This week’s Council meeting was dominated by discussions about the long-term, sustainable future of CERN. Key points are progress on the Medium-Term Plan, the successful LHC restart, and enlargement.
The budget proposed by management for 2016 was well received, as were the measures to mitigate against the recent change in exchange rates. These items will be put to the vote in September. Discussions on CERN staff employment conditions were conducted in a constructive atmosphere this week, and will continue in future Council meetings. The Council also clearly voiced its congratulations for the smooth and successful start of LHC run 2, coming on top of a clear run of spectacular scientific and technological successes over recent years. In the current climate of austerity, these developments are a strong endorsement from the Council.
Nevertheless, it would be disingenuous of me to pretend that everything is rosy. There has been an air of unease at CERN over recent months, which was very clearly expressed this week by the Staff Association’s gathering on Thursday morning, followed by a declaration read out to Council, and by messages from an elected group of CERN senior staff, known as the Nine, to the Management and the Council. The fact that both the Staff Association and the Nine chose to act shows clearly that their concerns are broadly shared among staff. Both stated clearly that they believe short-termism is posing a threat to CERN’s long-term future.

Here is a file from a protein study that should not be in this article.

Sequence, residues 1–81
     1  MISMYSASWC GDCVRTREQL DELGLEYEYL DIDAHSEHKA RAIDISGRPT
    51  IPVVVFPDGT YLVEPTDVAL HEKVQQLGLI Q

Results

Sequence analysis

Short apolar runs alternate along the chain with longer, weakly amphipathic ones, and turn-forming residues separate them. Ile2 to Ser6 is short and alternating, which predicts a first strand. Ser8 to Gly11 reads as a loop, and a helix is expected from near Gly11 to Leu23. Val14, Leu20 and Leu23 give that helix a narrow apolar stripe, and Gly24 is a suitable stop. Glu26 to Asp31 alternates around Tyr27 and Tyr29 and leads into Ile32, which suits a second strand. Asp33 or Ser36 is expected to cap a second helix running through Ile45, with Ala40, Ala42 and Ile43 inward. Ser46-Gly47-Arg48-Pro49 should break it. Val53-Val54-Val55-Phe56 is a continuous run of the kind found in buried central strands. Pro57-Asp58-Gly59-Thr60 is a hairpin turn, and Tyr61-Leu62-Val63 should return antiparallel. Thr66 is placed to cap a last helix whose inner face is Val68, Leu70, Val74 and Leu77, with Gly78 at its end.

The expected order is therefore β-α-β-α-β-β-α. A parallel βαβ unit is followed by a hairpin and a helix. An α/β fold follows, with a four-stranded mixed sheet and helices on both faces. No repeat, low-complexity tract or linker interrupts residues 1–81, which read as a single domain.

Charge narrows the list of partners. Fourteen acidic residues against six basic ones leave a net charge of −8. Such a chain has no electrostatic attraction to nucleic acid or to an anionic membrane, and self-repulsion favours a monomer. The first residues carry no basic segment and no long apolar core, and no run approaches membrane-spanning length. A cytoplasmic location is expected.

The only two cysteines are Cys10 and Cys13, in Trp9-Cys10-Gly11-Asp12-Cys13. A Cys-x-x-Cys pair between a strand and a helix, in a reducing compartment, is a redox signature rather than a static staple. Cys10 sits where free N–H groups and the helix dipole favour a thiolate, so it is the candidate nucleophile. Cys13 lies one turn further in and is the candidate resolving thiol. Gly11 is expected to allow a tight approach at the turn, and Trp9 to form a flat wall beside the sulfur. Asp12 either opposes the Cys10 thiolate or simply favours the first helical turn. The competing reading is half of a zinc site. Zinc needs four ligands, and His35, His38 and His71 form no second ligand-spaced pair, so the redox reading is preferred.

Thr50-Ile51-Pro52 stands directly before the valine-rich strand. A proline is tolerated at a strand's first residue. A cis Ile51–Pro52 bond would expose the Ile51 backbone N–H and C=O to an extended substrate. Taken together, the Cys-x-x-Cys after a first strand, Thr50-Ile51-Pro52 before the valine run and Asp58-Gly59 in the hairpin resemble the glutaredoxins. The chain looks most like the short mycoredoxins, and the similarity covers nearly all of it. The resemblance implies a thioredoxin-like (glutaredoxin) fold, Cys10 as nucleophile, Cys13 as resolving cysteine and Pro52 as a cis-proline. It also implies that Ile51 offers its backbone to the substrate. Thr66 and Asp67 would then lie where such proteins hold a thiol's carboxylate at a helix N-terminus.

I am confident, however, that we have reason to be optimistic. All of us: staff, the Management and the Council want a sustainable future for CERN. The challenge is to find one on which we can all agree. Set against a backdrop of uncertainties affecting many of our Member States, which inevitably weigh on Council delegations, this was never going to be an easy task. And it’s one that the recent removal of the cap on the Swiss Franc to Euro exchange rate has only exacerbated. In such circumstances, we of course have to compromise today. The challenge is to do so without compromising the future. This week’s meeting was a good start.
In other news, continuing interest in CERN from beyond our Member States was very much in evidence. The Council welcomed a delegation from Turkey for the first time as an Associate Member, approved Romania’s transition from Candidate for Accession to Member State before the end of the year, and examined an application from India for Associate Membership. As soon as the complete file has been received from India, a fact-finding mission will be carried out according to standard procedures.
In conclusion, this was a constructive week in which the enlargement process took important steps forward, and a week that was dominated by discussions on how to secure a sustainable future for CERN. Although those discussions were lively, it was clear that the Council, Management and staff all have the same interest at heart: a long and successful future for CERN.